HomeSpecial RapporteursEnforced DisappearancesNawwar Salim Shatouri Has been Forcibly Disappeared Since 2013

Nawwar Salim Shatouri Has been Forcibly Disappeared Since 2013

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The Syrian Network for Human Rights (SNHR) has briefed the UN Working Group on Enforced or Involuntary Disappearances on the case of Nawwar Salim Shatouri, born in 1985, from Jisr al-Shoghour city in western Idlib governorate. He was working as a truck driver at the time of his arrest in December 2013 when he was detained at a Syrian regime forces checkpoint erected near the Public Water Institution in Jisr al-Shoghour city. The regime personnel also confiscated his car during the arrest. He was then taken to an undisclosed location. He has been forcibly disappeared ever since, with his fate remaining unknown to SNHR as well as to his family.

SNHR has also briefed the UN Special Rapporteur on torture and other cruel, inhuman or degrading treatment or punishment, and the Special Rapporteur on the promotion and protection of human rights and fundamental freedoms while countering terrorism, as well as briefing the UN Special Rapporteur on the right of everyone to the enjoyment of the highest attainable standard of physical and mental health, specifically in regard to the case of Nawwar.

Syrian authorities have denied any connection with the enforced disappearance of Nawwar Salim Shatouri. SNHR has been unable to determine his fate, as have his family members, who fear that they may be arrested and tortured by regime personnel themselves if they continue to ask about his whereabouts and fate, as has happened in numerous previous cases.

SNHR has called on the UN Committee on Enforced Disappearance, the UN Special Rapporteur on torture and other cruel, inhuman or degrading treatment or punishment, and the Special Rapporteur on the promotion and protection of human rights and fundamental freedoms while countering terrorism, as well as the UN Special Rapporteur on the right of everyone to the enjoyment of the highest attainable standard of physical and mental health, to intervene and to demand that Syrian authorities release him immediately, as well as to secure the release of thousands of other forcibly disappeared citizens whose whereabouts and current conditions must also be revealed.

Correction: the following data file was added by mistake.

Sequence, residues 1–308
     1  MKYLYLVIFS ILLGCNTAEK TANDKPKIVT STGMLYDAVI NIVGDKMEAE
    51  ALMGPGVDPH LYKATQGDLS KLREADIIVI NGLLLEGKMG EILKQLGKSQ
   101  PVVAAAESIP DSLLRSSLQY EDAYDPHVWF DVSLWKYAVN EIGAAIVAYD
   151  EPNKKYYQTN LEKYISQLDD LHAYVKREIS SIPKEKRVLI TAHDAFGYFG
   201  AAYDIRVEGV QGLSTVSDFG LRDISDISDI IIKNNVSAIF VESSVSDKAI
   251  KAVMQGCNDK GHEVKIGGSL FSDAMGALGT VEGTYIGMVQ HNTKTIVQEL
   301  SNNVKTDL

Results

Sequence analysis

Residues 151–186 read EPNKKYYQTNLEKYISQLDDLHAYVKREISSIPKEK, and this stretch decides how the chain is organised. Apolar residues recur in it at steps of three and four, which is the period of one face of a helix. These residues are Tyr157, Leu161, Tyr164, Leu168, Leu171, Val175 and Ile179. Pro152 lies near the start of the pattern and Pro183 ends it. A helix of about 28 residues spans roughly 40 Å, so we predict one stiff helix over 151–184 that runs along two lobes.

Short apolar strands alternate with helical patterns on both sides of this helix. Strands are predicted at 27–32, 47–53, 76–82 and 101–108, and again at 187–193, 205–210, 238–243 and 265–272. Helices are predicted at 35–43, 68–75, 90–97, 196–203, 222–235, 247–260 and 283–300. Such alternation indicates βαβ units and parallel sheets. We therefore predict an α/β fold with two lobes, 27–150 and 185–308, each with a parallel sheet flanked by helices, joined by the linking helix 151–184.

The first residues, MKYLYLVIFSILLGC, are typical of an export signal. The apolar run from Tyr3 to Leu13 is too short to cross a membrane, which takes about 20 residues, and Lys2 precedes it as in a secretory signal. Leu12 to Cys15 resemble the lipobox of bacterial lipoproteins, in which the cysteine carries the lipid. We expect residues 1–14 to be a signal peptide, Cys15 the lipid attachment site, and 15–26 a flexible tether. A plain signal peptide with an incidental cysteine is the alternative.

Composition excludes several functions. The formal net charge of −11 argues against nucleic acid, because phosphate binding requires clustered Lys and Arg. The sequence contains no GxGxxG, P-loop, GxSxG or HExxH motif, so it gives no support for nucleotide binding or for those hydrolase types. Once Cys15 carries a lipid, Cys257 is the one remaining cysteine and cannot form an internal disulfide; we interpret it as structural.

Although the Syrian government is not a party to the International Convention for the Protection of All Persons from Enforced Disappearances, it is indisputably a party to the International Covenant on Civil and Political Rights and the Arab Charter on Human Rights. Enforced disappearance constitutes a violation of both instruments.

SNHR also confirms that there are well-founded fears that many of those forcibly disappeared by the Syrian regime since 2011 may have been subjected to torture and possibly died due to torture, with the number of citizens forcibly disappeared by the regime continuing to grow.

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